Photo: Getty
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The rise of the green mayor – Sadiq Khan and the politics of clean energy

At an event at Tate Modern, Sadiq Khan pledged to clean up London's act.

On Thursday night, deep in the bowls of Tate Modern’s turbine hall, London Mayor Sadiq Khan renewed his promise to make the capital a world leader in clean energy and air. Yet his focus was as much on people as power plants – in particular, the need for local authorities to lead where central governments will not.

Khan was there to introduce the screening of a new documentary, From the Ashes, about the demise of the American coal industry. As he noted, Britain continues to battle against the legacy of fossil fuels: “In London today we burn very little coal but we are facing new air pollution challenges brought about for different reasons." 

At a time when the world's leaders are struggling to keep international agreements on climate change afloat, what can mayors do? Khan has pledged to buy only hybrid and zero-emissions buses from next year, and is working towards London becoming a zero carbon city.

Khan has, of course, also gained heroic status for being a bête noire of climate-change-denier-in-chief Donald Trump. On the US president's withdrawal from the Paris Agreement, Khan quipped: “If only he had withdrawn from Twitter.” He had more favourable things to say about the former mayor of New York and climate change activist Michael Bloomberg, who Khan said hailed from “the second greatest city in the world.”

Yet behind his humour was a serious point. Local authorities are having to pick up where both countries' central governments are leaving a void – in improving our air and supporting renewable technology and jobs. Most concerning of all, perhaps, is the way that interest groups representing business are slashing away at the regulations which protect public health, and claiming it as a virtue.

In the UK, documents leaked to Greenpeace’s energy desk show that a government-backed initiative considered proposals for reducing EU rules on fire-safety on the very day of the Grenfell Tower fire. The director of this Red Tape Initiative, Nick Tyrone, told the Guardian that these proposals were rejected. Yet government attempts to water down other EU regulations, such as the energy efficiency directive, still stand.

In America, this blame-game is even more highly charged. Republicans have sworn to replace what they describe as Obama’s “war on coal” with a war on regulation. “I am taking historic steps to lift the restrictions on American energy, to reverse government intrusion, and to cancel job-killing regulations,” Trump announced in March. While he has vowed “to promote clean air and clear water,” he has almost simultaneously signed an order to unravel the Clean Water Rule.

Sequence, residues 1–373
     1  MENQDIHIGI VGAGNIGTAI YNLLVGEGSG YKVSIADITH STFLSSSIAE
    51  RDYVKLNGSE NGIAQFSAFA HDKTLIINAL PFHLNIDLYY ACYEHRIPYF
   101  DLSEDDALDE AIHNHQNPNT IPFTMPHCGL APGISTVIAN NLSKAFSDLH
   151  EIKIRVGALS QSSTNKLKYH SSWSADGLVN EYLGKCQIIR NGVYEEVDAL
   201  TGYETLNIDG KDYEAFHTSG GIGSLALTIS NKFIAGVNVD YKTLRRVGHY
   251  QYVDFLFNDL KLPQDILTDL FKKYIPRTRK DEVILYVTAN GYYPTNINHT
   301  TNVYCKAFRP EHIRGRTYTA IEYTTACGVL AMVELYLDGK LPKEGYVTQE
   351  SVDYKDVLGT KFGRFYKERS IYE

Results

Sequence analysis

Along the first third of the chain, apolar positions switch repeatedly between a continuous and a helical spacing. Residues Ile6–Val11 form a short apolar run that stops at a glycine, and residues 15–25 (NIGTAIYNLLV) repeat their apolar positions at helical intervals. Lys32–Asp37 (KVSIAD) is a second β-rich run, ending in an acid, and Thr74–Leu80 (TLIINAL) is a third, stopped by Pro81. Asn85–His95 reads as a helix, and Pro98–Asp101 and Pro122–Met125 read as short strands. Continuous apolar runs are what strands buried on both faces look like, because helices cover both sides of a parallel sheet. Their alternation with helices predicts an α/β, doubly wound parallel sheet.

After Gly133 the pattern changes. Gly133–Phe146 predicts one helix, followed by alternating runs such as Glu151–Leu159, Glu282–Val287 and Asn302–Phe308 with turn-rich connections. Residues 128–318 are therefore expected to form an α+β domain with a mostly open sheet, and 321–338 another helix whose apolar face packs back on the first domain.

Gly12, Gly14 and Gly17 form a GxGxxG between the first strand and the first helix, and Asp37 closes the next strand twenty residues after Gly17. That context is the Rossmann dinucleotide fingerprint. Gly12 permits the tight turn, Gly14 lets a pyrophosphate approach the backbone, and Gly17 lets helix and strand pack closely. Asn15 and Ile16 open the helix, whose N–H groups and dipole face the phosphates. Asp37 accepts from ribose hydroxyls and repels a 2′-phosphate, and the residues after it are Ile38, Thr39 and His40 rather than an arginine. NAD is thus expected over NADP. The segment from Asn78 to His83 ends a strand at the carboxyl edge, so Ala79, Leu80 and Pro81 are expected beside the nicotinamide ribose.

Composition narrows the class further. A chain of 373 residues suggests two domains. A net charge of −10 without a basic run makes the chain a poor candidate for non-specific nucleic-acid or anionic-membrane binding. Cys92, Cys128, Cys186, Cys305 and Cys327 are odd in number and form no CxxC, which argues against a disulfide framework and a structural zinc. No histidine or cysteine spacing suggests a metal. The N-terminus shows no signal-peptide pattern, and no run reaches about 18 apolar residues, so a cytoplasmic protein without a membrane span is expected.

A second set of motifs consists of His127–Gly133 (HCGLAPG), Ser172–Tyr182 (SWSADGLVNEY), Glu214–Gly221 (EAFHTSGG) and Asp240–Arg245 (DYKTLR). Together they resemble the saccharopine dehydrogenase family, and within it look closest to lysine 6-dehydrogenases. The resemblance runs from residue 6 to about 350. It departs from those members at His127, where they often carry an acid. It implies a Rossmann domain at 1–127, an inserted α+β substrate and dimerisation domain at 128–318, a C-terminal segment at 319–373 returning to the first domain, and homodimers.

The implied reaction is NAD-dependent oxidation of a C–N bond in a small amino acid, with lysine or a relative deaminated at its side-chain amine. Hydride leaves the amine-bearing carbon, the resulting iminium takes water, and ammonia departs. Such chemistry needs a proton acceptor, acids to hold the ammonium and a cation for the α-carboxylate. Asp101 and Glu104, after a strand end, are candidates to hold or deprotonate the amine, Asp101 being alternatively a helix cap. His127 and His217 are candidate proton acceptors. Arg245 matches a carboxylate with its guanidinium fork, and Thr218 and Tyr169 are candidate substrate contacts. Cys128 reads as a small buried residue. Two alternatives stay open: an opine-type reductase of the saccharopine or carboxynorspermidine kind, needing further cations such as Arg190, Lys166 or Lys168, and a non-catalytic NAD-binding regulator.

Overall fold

This rhetoric is hurting the very people it claims to protect: miners. From the Ashes shows the many ways that the industry harms wider public health, from water contamination, to air pollution. It also makes a strong case that the American coal industry is in terminal decline, regardless of possibile interventions from government or carbon capture.

Charities like Bloomberg can only do so much to pick up the pieces. The foundation, which helped fund the film, now not only helps support job training programs in coal communities after the Trump administration pulled their funding, but in recent weeks it also promised $15m to UN efforts to tackle climate change – again to help cover Trump's withdrawal from Paris Agreement. “I'm a bit worried about how many cards we're going to have to keep adding to the end of the film”, joked Antha Williams, a Bloomberg representative at the screening, with gallows humour.

Hope also lies with local governments and mayors. The publication of the mayor’s own environment strategy is coming “soon”. Speaking in panel discussion after the film, his deputy mayor for environment and energy, Shirley Rodrigues, described the move to a cleaner future as "an inevitable transition".

Confronting the troubled legacies of our fossil fuel past will not be easy. "We have our own experiences here of our coal mining communities being devastated by the closure of their mines," said Khan. But clean air begins with clean politics; maintaining old ways at the price of health is not one any government must pay. 

'From The Ashes' will premiere on National Geograhpic in the United Kingdom at 9pm on Tuesday, June 27th.

India Bourke is an environment writer and editorial assistant at the New Statesman.